SI Tech CAD in the Community
Staten Island Museum Geothermal Well Model
In December of 2016 Mr. Erlenwein was approached by members of the Staten Island Museum education staff to see if our CAD program could produce a model that would be used to show students and schools who visit the Staten Island Museum a basic rendition of the Geothermal Well system at the museum. In reality, the geothermal well system they have there is incredibly complex with many many parts in their boiler rooms, as well as a massive array of underground pipes that are not visible. I tapped stellar student Ben Segall to help me analyze the system and strip it down to a simple model that would be able to be used as a visual aid to kids in the SI Museum classrooms.
A Geothermal Well system is a modern and very Earth-friendly approach to controlling air and water temperature in a structure. Let's go for a simplified explanation. The system consists of pipes with water or fluids that are mostly water placed into a closed network. The pipes are all connected to a series of pumps that move the water through the system at a regulated flow to control energy transfer. The well holes with the pipes are drilled almost 300 ft into the Earth where there is a constant ground temperature of about 50 degrees Fahrenheit. In the summer months, excess heated air is collected into the system and allowed to transfer into the pipes through a heat exchange. The liquid in the pipes (now hot from the air in the building) is pumped deep into the Earth where it is cooled naturally without leaving the pipe network. The fluid returns to the surface where the now cool liquid is used to further cool air and send the air through ducts into the building as a standard compressor on an air conditioner would. In the winter months, the same process is used to pull frigid untreated air into the system, send it into the network of pipes after energy transfers to the liquid where it is once again sent into the network to where it now heats to the desired temperature and is sent through the same duct-work into the museum as heated air, the same way a furnace would work. The naturally comfortable temperatures from the ground of the Earth allow adjustment of the air temperature in the museum through control of a thermostat as a standard HVAC system would operate. Its cheaper and has no carbon footprint other than the electricity needed to run the system, which is overall lower than standard systems.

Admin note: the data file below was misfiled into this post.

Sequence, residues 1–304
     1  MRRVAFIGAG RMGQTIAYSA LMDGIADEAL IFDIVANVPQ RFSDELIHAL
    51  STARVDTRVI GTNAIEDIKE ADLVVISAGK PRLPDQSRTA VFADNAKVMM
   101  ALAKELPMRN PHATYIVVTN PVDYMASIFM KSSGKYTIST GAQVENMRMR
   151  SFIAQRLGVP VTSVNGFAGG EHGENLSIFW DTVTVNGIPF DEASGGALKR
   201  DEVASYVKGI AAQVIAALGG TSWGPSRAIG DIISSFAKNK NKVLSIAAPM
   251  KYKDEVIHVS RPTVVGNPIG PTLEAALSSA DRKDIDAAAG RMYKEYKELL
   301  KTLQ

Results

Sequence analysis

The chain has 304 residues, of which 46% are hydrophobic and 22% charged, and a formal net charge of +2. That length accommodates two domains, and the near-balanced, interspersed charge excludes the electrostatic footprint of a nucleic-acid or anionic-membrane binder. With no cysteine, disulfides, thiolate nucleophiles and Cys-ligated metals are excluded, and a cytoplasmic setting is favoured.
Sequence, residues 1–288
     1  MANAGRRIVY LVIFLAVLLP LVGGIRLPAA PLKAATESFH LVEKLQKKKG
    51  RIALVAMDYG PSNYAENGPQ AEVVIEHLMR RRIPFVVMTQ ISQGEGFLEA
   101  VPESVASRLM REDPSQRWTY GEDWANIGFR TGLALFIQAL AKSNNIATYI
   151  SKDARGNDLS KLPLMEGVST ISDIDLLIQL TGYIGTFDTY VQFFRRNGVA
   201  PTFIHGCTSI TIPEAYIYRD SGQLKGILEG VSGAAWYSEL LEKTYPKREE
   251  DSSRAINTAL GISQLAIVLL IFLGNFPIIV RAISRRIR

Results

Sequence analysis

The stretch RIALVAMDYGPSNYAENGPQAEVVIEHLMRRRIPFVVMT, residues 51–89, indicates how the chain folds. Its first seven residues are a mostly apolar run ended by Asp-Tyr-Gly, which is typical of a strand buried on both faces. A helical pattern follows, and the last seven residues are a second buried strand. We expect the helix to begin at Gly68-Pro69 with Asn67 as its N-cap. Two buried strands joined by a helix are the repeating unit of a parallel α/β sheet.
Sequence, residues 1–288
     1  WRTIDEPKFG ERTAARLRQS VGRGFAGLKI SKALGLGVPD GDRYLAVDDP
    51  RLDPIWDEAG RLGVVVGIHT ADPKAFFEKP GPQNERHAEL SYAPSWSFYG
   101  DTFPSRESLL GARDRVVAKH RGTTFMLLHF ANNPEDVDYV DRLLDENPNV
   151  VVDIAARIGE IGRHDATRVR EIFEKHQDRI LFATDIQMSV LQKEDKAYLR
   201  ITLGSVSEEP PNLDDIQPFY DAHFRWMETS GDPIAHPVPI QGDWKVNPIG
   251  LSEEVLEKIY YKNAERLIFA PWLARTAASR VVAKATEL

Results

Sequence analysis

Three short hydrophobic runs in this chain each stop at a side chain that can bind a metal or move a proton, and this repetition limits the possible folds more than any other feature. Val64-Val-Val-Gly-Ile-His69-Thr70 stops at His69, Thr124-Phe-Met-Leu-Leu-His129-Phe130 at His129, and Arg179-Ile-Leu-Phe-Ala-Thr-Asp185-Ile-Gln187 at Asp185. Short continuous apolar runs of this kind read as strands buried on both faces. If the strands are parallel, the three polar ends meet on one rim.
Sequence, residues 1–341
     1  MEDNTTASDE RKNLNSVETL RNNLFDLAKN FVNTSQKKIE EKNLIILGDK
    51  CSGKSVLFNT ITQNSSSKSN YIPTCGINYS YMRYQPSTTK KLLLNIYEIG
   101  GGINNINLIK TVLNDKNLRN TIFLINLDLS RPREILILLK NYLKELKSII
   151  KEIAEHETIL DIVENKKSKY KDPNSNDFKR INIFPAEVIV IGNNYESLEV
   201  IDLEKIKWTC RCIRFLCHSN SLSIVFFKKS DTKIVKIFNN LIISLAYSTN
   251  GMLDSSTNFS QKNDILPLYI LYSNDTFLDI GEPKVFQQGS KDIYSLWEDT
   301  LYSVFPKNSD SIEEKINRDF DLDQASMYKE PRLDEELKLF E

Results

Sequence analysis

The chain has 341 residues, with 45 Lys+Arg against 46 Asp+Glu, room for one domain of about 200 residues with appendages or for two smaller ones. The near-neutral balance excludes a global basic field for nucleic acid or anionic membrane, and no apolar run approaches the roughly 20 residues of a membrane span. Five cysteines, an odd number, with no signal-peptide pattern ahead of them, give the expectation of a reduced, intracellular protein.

Ben and I decided to keep things simple by purchasing a small cube display case at Michael's, along with some model train foliage. We then modeled the pipes in TinkerCAD and 3D printed them in house. We glued the pipe netowrk together and affixed it to the inside of the case, which was glass enclosed to show what would be underground. We used the top of the case to place a 3D printed model of the museum (also made in TinkerCAD) and the train foliage to replicate the grounds of Snug Harbor, where the museum is located. We were also slightly dissatisfied with the 3D printed pieces of our first model, and we knew we were getting some upgraded printers soon... so just a few months later Ben and I created a cleaner and stronger second version. It can be found at the Staten Island Museum in the basement, where the classrooms and education takes place.
Mr. Joe Buro
Mr. Ben Segall
Mr. Daniel Jost - Former CAD Teacher at SI Tech -
Board Member of the Staten Island Museum
Staten Island Museum Education Staff